The action had been debated among technologists and policy makers, but the prospect of the U.S. relinquishing control concerns some businesses because of the potential for censorship.
“If you hand over domain-name registration to someone who doesn’t want certain
classes of domains registered, then you’re setting up a censorship structure,” said Bill Reinsch, president of the National Foreign Trade Council, which represents businesses.
According to Larry Strickling, administrator for the Commerce Department’s National Telecommunications and Information Administration the new governance model must ensure that Icann is free from government influence. The plan must also fulfill several other conditions, such as preserving the security and stability of the Internet while keeping it open and free from censorship.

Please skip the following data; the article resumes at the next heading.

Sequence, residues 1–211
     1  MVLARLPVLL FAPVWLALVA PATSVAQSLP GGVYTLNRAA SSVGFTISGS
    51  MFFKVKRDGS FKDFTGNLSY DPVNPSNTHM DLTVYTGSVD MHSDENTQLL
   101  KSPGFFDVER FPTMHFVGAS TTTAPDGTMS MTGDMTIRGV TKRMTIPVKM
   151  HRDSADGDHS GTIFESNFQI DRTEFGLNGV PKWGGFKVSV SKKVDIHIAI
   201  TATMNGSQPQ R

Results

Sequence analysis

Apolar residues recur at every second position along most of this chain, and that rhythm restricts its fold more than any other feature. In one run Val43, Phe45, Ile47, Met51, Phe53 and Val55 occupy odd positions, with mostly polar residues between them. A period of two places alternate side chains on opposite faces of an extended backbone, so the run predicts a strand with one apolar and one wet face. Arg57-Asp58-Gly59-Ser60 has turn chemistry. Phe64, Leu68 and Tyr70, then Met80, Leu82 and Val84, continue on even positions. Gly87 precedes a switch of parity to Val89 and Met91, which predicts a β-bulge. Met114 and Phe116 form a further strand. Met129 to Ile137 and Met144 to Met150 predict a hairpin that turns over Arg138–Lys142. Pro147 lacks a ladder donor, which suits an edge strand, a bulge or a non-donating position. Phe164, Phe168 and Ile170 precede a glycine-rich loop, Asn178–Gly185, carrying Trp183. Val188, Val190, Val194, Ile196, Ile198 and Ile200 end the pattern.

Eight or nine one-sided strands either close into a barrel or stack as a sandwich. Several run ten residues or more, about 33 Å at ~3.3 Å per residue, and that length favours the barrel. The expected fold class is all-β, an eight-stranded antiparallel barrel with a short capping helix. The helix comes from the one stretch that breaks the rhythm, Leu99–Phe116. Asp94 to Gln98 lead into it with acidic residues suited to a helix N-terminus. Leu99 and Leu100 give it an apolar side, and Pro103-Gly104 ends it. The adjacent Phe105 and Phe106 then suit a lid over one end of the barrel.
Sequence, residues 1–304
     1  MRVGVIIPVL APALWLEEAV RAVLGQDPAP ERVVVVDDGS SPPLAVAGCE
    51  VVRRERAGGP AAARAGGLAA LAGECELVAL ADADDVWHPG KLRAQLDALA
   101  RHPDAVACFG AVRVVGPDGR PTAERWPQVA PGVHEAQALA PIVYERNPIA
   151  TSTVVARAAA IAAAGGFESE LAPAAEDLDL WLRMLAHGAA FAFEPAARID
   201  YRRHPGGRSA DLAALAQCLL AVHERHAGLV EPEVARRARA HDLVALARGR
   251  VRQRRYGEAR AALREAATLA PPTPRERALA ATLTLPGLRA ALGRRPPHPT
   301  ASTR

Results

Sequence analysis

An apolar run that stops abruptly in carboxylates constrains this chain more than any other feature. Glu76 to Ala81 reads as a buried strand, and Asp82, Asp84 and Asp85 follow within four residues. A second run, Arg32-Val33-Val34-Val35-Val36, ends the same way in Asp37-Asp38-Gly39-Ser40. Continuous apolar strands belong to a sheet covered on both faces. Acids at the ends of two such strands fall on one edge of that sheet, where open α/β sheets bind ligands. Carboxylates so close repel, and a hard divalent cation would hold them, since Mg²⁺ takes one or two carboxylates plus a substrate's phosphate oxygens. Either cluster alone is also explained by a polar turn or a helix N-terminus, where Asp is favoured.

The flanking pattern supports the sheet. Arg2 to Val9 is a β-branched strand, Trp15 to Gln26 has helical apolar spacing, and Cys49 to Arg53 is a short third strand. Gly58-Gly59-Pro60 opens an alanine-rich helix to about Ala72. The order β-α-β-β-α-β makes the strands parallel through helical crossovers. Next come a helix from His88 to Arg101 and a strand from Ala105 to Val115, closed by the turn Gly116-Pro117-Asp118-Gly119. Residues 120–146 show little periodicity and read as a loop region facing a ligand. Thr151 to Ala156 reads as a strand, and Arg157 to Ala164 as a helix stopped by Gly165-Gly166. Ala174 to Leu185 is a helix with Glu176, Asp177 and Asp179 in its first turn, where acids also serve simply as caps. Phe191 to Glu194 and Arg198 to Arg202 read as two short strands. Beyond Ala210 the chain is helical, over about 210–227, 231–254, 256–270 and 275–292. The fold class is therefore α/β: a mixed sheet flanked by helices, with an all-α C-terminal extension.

Until 1998, the functions were managed by Jon Postel, a computer scientist at the University of Southern California, one of the early pioneers of the World Wide Web. Upon Postel’s death in 1998, the Commerce Department issued a contract to Icann to take over those functions, making Icann the primary body in charge of setting policy for Internet domains and addresses.
Mr. Strickling said the U.S. always viewed its role as overseeing Icann as temporary.
“The Internet was built to be borderless and this move toward a more multistakeholder model of governance creates an opportunity to preserve its security, stability and openness,” said Vint Cerf, Google vice president and chief Internet evangelist, in a statement.
Some Silicon Valley executives support the move, which they view as inevitable in light of the concerns over the NSA disclosures.
The Obama administration’s relinquished control includes a set of conditions – namely that ICANN be free of any other government influence or interference, that nothing interfere with the preservation of the Internet’s stability and security, and that it be kept open and free from censorship.